Although building regulations already require consideration to be given to baby-changing facilities at the design stage of non-dwellings, we need to also consider the impact that further obligations would have. Most hospitality businesses are SMEs, which may not have the resources, or indeed the space, to install suitable facilities.
I much appreciate those remarks from my noble friend. However, as many parents and guardians of infants find it inconvenient, if not embarrassing, when in restaurants and other outlets serving food and drink where adequate baby-changing facilities are not available, will the Government now consider amending Section 20 of the Local Government (Miscellaneous Provisions) Act 1976 to add a requirement for such facilities, wherever practicable, to those already covering the provision and maintenance of toilet facilities?
My Lords, I think we can all agree that the principle of free access to baby-changing facilities in as many different hospitality situations as we can reach is desirable. Under the existing building regulations there is already a requirement for new non- residential properties to consider this, as well as for buildings which are undergoing substantial reconstruction.
My Lords, as most mothers and fathers will tell you, taking an infant out, especially to eating places, is a real chore—you have to pack nappies, a changing mat and wipes, among other things. Having to find a place to change nappies is another chore. They should not be forced to do this in unsuitable places. Most child-friendly restaurants and cafés already have baby-changing facilities. This makes good business sense, contributing to a healthy “bottom” line, as parents will look at these eateries positively. There have been suggestions from many people that cafés, pubs and restaurants should be required to provide baby-changing facilities by law so that parents can have peace of mind. Will the Government look at this again?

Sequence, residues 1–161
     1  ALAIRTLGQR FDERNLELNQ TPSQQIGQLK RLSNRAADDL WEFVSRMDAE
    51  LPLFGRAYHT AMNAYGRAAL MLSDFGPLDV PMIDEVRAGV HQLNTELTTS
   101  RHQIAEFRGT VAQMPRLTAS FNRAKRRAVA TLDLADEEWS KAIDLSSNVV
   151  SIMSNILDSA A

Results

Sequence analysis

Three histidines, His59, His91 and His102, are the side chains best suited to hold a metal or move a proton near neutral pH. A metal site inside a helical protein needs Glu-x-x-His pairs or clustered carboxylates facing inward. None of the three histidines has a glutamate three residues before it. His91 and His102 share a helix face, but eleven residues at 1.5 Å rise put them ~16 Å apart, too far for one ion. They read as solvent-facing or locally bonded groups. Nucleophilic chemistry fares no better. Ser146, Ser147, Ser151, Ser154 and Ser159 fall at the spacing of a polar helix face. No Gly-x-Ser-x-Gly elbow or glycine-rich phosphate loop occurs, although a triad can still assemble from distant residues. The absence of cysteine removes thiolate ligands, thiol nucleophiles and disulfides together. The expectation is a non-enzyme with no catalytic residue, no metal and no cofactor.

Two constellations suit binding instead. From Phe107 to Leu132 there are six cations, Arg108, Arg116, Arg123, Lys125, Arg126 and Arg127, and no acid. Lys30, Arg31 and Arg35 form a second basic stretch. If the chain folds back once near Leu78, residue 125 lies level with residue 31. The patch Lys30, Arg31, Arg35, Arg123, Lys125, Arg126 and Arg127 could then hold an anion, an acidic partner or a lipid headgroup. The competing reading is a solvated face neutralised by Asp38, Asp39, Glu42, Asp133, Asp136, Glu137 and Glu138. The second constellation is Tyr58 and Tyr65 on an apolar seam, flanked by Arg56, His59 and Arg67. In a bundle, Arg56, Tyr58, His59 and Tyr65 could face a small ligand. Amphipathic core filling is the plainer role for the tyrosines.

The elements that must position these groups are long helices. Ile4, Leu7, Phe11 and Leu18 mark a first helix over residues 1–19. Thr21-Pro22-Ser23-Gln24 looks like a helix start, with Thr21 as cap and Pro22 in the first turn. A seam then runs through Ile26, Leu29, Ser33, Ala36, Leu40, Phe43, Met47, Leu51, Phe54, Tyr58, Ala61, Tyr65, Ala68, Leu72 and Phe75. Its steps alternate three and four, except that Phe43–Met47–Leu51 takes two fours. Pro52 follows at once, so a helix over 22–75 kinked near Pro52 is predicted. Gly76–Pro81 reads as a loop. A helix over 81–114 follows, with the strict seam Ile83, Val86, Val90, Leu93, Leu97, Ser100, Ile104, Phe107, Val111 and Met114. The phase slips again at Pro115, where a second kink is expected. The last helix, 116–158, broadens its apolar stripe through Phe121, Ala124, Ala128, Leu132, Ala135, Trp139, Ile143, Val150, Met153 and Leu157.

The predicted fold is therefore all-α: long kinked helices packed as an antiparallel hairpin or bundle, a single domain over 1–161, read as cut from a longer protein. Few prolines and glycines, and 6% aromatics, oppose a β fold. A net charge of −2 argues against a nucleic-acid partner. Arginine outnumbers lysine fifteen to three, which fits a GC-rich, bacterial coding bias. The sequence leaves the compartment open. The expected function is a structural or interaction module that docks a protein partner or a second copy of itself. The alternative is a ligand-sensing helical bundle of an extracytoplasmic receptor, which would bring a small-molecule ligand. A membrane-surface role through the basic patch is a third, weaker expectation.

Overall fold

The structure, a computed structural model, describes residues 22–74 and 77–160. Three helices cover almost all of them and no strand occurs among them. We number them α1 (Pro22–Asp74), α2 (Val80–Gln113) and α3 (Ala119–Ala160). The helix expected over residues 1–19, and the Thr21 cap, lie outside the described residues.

I thank the noble Lord for his comments—in all respects. My noble friend made a very good point about how this needs to be practicable. There are a lot of existing hospitality venues where it is not practical to provide additional services, either from a financial point of view or, more importantly, from a space point of view. However, the principle holds good that, whenever the opportunity arises with anything new or anything that is being rebuilt, consideration should be, and indeed is, required under the building regulations improvements.
My Lords, in considering the situation of parents who wish to change babies in hospitality venues, will the Minister also consider parents who need to change children with disabilities, and older people with disabilities, who need more extensive facilities?
My Lords, that is again a very good point. There is a requirement at the moment to separate disabled toilet facilities from baby-changing facilities, and I think that is probably the right thing to do. This morning, I met the chief executive of the British Beer and Pub Association, and she said that her members take every opportunity to put in baby-changing facilities for precisely the reasons that the noble Lord mentioned earlier: from a marketing point of view, it is absolutely the right thing to do, because you win more customers and more money.
My Lords, my noble friend the Minister helpfully makes a point about the separation between baby-changing facilities and accessible toilets. Does he accept that that depends on whether the building itself is accessible to someone like myself, a wheelchair user? Could he write to me to tell me how long he thinks I should have to wait, as a wheelchair user, before I can by law access licensed premises, given that the Government are refusing to use the Licensing Act, as recommended by a committee of this House, to enforce access on licensed premises?